Climate hawks are trying to pinpoint where they went wrong in their campaign to combat global warming. Brad Plumer rather sensibly suggests that they’re overlooking the possibility that the problem wasn’t tactical deficiencies on the part of the green movement, but rather the result of things just not working out on the issue. I think that’s mostly correct, but would add that trying to understand what happened to cap-and-trade by looking specifically at the cap-and-trade debate is almost certainly the wrong way to go about it. Rather, cap-and-trade, like many other issues, is a casualty of larger forces driving our politics.

A few years ago, cap-and-trade was, if not a consensus position in the Republican Party, then at least one with substantial support. John McCain had his own plan — a plan he continued to promote through the 2008 election — and he wasn’t, by any means, fighting a lonely battle. In fact, one of his co-sponsors was then-Sen. Barack Obama. In the states, a number of Republican governors were also pursuing cap-and-trade plans, including Tim Pawlenty, who’s now running for president and has denounced his efforts to fight climate change as a terrible mistake.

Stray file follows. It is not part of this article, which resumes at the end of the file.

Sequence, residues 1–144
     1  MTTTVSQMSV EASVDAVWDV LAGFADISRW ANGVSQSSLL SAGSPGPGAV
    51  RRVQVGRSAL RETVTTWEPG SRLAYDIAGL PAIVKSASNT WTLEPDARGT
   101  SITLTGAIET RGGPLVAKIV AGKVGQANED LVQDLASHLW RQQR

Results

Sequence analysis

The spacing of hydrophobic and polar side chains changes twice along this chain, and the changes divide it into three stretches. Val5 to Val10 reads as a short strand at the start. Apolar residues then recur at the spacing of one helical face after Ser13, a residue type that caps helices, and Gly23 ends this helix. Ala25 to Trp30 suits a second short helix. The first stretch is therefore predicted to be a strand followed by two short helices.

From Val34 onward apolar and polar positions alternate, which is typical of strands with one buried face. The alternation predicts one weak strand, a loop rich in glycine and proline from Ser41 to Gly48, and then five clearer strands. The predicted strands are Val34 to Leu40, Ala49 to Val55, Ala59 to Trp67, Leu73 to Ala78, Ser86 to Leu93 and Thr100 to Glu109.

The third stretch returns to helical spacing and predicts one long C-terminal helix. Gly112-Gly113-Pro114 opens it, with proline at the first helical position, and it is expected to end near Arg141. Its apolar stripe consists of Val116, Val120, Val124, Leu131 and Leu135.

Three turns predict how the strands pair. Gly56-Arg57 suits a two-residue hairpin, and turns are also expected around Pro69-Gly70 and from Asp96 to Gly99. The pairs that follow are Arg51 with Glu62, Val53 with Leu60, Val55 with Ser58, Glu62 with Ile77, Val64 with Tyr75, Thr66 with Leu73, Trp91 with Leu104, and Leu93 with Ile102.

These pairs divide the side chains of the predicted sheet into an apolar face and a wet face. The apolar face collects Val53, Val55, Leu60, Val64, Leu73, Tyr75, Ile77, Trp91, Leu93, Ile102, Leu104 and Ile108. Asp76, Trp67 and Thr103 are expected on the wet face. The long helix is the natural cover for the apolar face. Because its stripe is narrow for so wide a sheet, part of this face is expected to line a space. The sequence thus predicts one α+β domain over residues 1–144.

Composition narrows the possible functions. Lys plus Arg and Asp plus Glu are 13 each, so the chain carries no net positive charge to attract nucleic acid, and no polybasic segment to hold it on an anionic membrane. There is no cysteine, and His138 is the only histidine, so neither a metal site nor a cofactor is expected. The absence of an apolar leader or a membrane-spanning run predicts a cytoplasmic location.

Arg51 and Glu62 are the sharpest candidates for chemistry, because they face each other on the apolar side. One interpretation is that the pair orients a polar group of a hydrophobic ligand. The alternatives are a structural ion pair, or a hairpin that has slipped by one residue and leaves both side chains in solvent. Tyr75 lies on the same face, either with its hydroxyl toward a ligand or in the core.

So the question has to be how the Republican Party swung from a position of partial support for efforts to address global warming to unified opposition. But you won’t find the answer by looking into environmental politics. After all, the same thing happened to the individual mandate in health care, which went from being a Republican position in the 1990s and 2000s to a policy Republicans considered an unconstitutional monstrosity in 2010, and deficit-financed stimulus, which Republicans agreed with in 2009 but turned against in 2010. This “you’re for it so we’re against it” phenomenon is increasingly common in politics, and not limited to any one issue. Cap-and-trade is, for now, a casualty of the way party polarization has become policy polarization. And no one one has yet developed a reliable strategy for interrupting that process.